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Africa is the second largest of all Earth’s continents, while Mars is the second smallest planet in the solar system. Still, there’s no comparison regarding which one is bigger as Africa is a flat land mass with a surface area of 30.3 million square kilometers and a volume of 1.12 cubic kilometeres while Mars is a spherical planet with a surface area of 144.8 million square kilometeres and a volume of 163 billion cubic kilometers.
Discover why, in some instances, we could say that Africa “is bigger” than Mars, plus the facts and statistics that give us an actual perspective of these masses.
How Big Is The Continent Africa?
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Africa is the Earth’s second largest continent covering a total area of approximately 30.3 million square kilometers, equal to about 20% of Earth’s total land mass or 6% of the planet’s surface area. Africa possesses the world’s largest desert, plus it has the longest river of any continent, the Nile.
Africa is the second highest popululated continent on Earth. The continent has 54 countries, including Egypt, Nigeria, and Kenya, and it accounts for roughly 17% of the world’s population, with more than 1.4 billion people.
There are eight main physical regions of Africa: the Sahara, the savanna, the rainforest, the Great Lakes, the Sahel, the Ethiopian Highlands, the Swahili Coast, and southern Africa. The Sahara Desert extends over the northern third of Africa and is one of the most inhospitable places on Earth. Its size is 9.2 million square kilometers – roughly the same size as the entire United States.
The African savannah is a vast grassland that covers most of the African continent (around 65%). It extends from the Red Sea at the east to the Atlantic Ocean in the west and from Senegal in the north to Sudan in the south.
A savannah is a type of landscape that consists of grasslands with few trees, bushes, or shrubs. The grasses are typically short but can grow up to almost four meters tall. The dominant vegetation is acacia and baobab trees, which provide shade and shelter for animals during daytime hours.
Africa possesses some of the world’s highest mountains; Mount Kilimanjaro is the tallest, which rises 19,341 feet from its base near the equator to its peak in Tanzania. Africa extends to a length of 8,000km between its northern and southern extremities in Tunisia and South Africa; its width of 7,400km stretches from Xaafuun Point in Somalia to Almadi Point in Senegal.
The thickness of Earth’s crust ranges from 5 to 70km and is generally thicker under continental land where it averages 40km. Taking this figure and multiplying it by Africa’s surface area, we can calculate the rough volume of the continent at 1.21 billion cubic kilometers. This might sound like a sizable volume, but it’s no match for the 163 billion cubic kilometers of Mars’ volume.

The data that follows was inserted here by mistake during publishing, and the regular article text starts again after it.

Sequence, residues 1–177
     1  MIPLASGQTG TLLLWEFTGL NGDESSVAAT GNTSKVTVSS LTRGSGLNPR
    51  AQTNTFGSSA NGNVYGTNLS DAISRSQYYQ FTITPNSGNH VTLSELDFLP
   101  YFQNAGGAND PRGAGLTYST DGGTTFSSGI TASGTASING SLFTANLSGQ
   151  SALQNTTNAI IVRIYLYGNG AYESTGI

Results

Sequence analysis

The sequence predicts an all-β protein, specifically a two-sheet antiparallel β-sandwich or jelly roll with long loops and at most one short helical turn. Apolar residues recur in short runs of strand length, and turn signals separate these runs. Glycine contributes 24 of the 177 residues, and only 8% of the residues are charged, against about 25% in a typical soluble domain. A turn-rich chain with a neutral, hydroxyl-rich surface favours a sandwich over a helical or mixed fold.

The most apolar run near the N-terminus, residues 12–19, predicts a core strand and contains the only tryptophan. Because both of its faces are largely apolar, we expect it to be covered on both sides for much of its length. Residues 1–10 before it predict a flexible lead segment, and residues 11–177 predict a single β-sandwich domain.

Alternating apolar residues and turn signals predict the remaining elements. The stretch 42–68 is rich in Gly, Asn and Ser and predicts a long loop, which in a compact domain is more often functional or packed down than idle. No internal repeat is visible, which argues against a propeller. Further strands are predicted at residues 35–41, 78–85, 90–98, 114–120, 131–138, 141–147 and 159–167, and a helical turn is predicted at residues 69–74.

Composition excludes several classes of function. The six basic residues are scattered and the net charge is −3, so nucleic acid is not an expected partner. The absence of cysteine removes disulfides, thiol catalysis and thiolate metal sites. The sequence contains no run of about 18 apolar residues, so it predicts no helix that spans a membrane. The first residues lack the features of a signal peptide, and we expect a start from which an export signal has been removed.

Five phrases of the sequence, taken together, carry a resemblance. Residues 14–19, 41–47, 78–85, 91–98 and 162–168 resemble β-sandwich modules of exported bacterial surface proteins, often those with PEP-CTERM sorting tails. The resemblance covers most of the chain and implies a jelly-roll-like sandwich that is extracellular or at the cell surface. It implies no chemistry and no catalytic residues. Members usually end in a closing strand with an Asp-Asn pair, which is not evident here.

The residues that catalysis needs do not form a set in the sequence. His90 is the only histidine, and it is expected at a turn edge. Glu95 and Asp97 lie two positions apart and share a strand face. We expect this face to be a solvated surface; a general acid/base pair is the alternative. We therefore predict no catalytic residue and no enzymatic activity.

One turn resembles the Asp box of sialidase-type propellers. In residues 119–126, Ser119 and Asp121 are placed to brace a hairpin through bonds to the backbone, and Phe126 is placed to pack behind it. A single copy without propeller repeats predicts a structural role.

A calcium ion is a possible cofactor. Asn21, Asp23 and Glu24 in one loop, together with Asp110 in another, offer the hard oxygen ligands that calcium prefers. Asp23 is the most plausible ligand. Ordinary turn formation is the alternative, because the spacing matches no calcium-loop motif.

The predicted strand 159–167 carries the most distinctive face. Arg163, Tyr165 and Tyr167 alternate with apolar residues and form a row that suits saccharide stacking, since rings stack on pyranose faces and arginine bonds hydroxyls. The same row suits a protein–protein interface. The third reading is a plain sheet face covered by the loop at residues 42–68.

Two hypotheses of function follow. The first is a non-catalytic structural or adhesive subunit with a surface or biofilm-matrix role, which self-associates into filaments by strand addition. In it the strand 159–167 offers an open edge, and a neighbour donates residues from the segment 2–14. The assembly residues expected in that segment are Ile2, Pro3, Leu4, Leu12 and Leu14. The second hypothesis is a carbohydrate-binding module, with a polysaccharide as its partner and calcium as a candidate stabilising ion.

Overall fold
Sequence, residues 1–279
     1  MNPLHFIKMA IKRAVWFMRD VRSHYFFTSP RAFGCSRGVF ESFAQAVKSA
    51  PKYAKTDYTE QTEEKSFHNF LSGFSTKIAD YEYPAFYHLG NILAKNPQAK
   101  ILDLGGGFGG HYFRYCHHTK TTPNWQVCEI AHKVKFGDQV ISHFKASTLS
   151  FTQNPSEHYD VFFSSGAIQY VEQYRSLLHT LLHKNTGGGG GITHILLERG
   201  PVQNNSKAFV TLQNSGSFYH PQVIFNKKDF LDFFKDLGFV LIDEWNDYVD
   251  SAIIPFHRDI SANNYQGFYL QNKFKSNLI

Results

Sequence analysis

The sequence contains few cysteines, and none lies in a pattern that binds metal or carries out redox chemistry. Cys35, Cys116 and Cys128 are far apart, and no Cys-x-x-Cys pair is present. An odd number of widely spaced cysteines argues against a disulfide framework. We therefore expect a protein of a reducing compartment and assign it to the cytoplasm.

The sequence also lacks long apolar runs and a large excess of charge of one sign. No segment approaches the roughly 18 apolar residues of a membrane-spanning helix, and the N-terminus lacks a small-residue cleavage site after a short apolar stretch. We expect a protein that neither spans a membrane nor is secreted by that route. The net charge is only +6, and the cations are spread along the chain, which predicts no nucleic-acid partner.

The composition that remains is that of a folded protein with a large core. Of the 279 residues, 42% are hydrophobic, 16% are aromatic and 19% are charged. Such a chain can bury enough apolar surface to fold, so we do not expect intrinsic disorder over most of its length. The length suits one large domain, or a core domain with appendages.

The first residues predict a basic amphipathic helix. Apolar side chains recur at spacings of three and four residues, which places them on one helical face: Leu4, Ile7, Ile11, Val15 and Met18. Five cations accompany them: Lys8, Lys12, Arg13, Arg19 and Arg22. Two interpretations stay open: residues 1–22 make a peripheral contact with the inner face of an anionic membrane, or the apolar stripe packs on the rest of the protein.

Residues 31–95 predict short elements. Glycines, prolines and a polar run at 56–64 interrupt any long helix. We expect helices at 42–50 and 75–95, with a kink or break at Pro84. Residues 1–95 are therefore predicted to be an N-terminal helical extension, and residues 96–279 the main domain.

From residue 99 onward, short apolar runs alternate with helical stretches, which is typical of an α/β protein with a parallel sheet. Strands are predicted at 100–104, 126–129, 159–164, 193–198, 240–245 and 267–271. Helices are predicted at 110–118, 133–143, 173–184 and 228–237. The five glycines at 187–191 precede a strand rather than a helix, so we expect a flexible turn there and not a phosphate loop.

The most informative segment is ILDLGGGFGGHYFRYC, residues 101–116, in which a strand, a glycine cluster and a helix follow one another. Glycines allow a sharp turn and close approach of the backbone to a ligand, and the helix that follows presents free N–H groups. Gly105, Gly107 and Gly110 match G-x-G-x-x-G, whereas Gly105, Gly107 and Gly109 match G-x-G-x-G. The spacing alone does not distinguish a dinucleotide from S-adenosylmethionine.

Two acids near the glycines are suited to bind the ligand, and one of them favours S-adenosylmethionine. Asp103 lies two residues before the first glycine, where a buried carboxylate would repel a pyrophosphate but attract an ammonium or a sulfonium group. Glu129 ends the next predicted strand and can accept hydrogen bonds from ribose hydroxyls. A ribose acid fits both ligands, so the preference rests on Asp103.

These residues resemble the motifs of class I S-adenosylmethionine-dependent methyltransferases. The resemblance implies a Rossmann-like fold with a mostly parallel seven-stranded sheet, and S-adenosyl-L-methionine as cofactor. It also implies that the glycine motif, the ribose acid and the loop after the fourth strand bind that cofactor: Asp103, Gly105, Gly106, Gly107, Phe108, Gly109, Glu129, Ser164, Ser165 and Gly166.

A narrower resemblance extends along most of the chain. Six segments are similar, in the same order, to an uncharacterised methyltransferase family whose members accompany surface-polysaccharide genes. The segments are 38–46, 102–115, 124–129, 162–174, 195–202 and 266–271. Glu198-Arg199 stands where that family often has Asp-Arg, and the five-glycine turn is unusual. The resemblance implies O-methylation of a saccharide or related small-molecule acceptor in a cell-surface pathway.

How Big Is The Planet Mars?
Mars is the fourth planet in line from the Sun and the second smallest planet in our solar system. It has a diameter of 6,779 km, which is only just over half as large as Earth’s (around 53%)
The physical geography of Mars is very different from that of Earth. The atmosphere on Mars is much thinner than ours, and it consists mainly of carbon dioxide (CO2) with small amounts of nitrogen (N2). The surface gravity on Mars is much lower than that on Earth, so an object that weighs 100 pounds on Earth, would weigh just 38 pounds on the red planet.
The surface of Mars is mainly composed of various minerals like iron oxide and silicon dioxide. It also has polar ice caps, but it doesn’t have any oceans or seas.
Olympus Mons is the largest volcano on Mars, with a diameter of 600km. And it is the largest mountain in our solar system, standing at roughly 27km high (almost three times the height of Mount Everest)
The Valles Marineris system of valleys is a vast network of canyons on Mars;the largest canyon in the solar system. It is located in the planet’s southern hemisphere and extends for around 4000 kilometers from east to west; the deepest points can extend up to 10km.
The basic makeup of Earth and Mars is similar as they are both terrestrial planets with a dense metallic core and overlying crust and mantle. However, Earth’s density (5.514g per cubic cm) is higher than Mars’ density (3.93g per cubic cm), suggesting that the red planet’s core contains lighter elements than Earth’s.
The surface area of Mars is around 144.8 million sq. km, about 4.8 times the surface area of the African continent. Meanwhile, the volume of Mars is approximately 163 billion cubic kilometers, roughly 50 times that of Africa.
If we compare the diameter of Mars to the width of Africa, we see that the red planet falls short by over 500km. Still, while this helps us to visualize the width of Mars, it doesn’t represent the true size. While Africa is a flat bed of land, Mars is a spherical planet, and that makes all the difference.
This means that the surface area of Mars is almost five times as vast as that of the African continent, and the volume is up to 50 times as great.
Africa – Wikipedia
Africa: Physical Geography | National Geographic Society
10 Facts About the African Savanna – MyStart
Mars Surface – Universe Today
How Big is Mars? | Size of Planet Mars | Space